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SR-2002-044

Shared and unique features of predator-associated morphological divergence in three livebearing fishes

R. Brian Langerhans, Craig A. Layman, A. Mona Shokrollahi, Thomas J. DeWitt

Divergent natural selection (fitness trade-offs) between environments often drives intraspecific diversification. When multiple species face a common environmental gradient their patterns of divergence might exhibit both shared and unique elements. We investigated shared and unique elements of diversification for three species of livebearing fishes (Poeciliidae) across a predator gradient (piscivorous fish vs. no piscivorous fish). All species (Gambuia affinis from the United States, G. hubbsi from the Bahamas and P. reticulata from Trinidad) exhibited a posterior shift in body allocation and more elongate bodies in predator populations. This morphological shift applied not only across species, but across age/gender classes, particular predator species and gross habitat types. Each species also had unique features of divergence, which may reflect peculiarities unique to their natal environments. We hypothesize much of the predator-associated morphology enhances fitness in the presence of predators but decreases fitness in the absence of predators. Preliminary evidence supports this hypothesis. We additionally found gonopodium size divergence in both Gambusia species that was opposite a trend previously found in P. reticulata. Partitioning phenotypic variation for multiple species into shared and unique responses across environmental gradients is a useful tool for elucidating general and localized mechanisms of diversification.

Divergent natural selection (DNS) is a powerful mechanism that generates and maintains phenotypic diversity (Rice and Hostert 1993; Orr and Smith 1998; Schluter 2000b). DNS is created by functional trade-offs between alternative environments (Robinson and Wilson 1994; Robinson et al. 1996; Schluter 2000b). Depending on how environments vary (e.g. fine- or coarse-grained variation; sensu Levins 1968), DNS can lead to evolution of either canalized genetic differences between populations or phenotypic plasticity (West-Eberhard 1989; Robinson and Wilson 1994; Orr and Smith 1998; Schluter 2000b). DNS results in population differentiation through either of these mechanisms. That is, populations may differ from each other because of fixed genetic differences or because each is similarly plastic but their current environments differ. Environmental differences that typically produce population divergence include predation, competition, or abiotic stresses (Magurran and May 1999; Schluter 2000b).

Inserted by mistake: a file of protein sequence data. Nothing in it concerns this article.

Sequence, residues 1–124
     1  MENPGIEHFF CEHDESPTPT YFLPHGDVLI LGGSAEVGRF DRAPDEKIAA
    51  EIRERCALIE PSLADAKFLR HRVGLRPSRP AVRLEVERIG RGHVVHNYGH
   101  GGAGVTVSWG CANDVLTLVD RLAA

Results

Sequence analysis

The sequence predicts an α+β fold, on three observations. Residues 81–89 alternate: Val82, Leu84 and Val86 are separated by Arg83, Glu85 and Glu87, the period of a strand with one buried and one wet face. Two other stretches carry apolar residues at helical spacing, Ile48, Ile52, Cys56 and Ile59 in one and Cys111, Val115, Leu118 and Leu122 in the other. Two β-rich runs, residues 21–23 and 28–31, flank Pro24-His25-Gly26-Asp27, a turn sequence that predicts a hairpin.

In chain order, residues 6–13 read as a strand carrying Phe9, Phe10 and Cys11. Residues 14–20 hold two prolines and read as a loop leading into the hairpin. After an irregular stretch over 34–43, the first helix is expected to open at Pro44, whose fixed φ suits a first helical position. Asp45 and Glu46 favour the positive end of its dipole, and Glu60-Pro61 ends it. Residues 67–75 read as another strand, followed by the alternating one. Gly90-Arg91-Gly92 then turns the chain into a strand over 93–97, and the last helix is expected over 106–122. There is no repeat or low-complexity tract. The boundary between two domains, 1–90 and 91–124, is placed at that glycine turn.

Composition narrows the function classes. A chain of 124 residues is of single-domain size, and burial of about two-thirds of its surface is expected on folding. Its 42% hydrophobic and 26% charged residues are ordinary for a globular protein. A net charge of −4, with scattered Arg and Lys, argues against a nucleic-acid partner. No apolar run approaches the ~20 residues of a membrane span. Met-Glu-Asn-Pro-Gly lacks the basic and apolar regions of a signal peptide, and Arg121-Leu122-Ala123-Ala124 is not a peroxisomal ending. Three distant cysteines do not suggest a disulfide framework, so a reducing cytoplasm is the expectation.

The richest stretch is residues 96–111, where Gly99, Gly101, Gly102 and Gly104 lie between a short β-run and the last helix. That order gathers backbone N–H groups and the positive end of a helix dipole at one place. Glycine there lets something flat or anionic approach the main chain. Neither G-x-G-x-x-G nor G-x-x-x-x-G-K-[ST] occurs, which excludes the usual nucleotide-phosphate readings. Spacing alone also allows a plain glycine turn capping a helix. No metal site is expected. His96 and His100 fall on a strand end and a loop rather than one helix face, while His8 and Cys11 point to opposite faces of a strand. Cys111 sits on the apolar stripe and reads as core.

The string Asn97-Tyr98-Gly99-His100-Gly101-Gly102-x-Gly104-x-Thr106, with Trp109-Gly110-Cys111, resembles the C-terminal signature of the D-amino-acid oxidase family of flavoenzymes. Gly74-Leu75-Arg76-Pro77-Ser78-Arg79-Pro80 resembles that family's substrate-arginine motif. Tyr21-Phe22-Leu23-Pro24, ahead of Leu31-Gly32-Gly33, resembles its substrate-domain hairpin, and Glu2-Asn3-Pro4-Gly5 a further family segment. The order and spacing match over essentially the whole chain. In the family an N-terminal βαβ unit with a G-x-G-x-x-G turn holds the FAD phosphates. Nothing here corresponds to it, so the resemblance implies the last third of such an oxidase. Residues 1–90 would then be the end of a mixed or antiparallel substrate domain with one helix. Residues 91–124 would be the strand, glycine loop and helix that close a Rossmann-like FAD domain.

Consider the case where the sign of selection on focal traits differs across environments. Consider also that several species are evolving adaptive solutions in these environments. Some elements of evolutionary response will be similar across species. For example, species A and B may largely respond in a similar manner. Yet other aspects of response to DNS will be speciesspecific (A responds one way; B responds differently). In theory, after accounting for gross differences between species, the unique and shared elements of response to DNS can be identified. This approach allows one to integrate the study of phenotypic variation across selective environments, populations and species.

Empirical studies of diversification in vertebrates has focused on resource competition and niche partitioning (Robinson and Wilson 1994; Van Valkenburgh and Wayne 1994; Smith and Skulason 1996; Schluter 2000a). However, predation is among the most important factors structuring natural populations (Sih et al. 1985; Kerfoot and Sih 1987; Jackson et al. 2001). Predators should not only change the distribution and abundance of species (via lethal and behavioral impacts on prey), but should also produce diversification—changes in the distribution and abundance of phenotypes within species (Endler 1995; DeWitt et al. 2000; Trussell 2000; Van Buskirk and Schmidt 2000).

Although predation is often thought responsible for the evolution of inducible defenses among invertebrates (Harvell 1986; Havel 1987; Tollrian and Harvell 1999), studies investigating the importance of predation in vertebrate diversification are less common. Most studies of vertebrate evolutionary responses to predation center on life history changes (e.g. Skelly and Werner 1990; Rodd and Reznick 1997; Belk 1998; Johnson and Belk 2001; Reznick et al. 2001). Investigation of morphological divergence between alternative predator environments in vertebrates is less common (Brönmark and Miner 1992; Van Buskirk et al. 1997; Walker 1997; Lardner 2000; Relyea 2001).

In this study, we examined body shape divergence in three species of livebearing fishes across alternative predator regimes. Furthermore we evaluate trends within and between species to identify both unique and shared aspects of diversification among prey species.

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